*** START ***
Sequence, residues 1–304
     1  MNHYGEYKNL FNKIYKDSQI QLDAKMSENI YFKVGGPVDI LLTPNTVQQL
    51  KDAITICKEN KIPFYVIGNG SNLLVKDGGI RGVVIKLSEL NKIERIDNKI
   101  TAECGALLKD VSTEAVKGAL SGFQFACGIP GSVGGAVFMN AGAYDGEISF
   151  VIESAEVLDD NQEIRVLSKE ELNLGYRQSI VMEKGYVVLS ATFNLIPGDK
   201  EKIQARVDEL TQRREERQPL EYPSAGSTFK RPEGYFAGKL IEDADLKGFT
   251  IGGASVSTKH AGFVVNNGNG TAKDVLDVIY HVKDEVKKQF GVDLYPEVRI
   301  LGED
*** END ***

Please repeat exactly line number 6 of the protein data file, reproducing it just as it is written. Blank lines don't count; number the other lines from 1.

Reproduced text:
   201  EKIQARVDEL TQRREERQPL EYPSAGSTFK RPEGYFAGKL IEDADLKGFT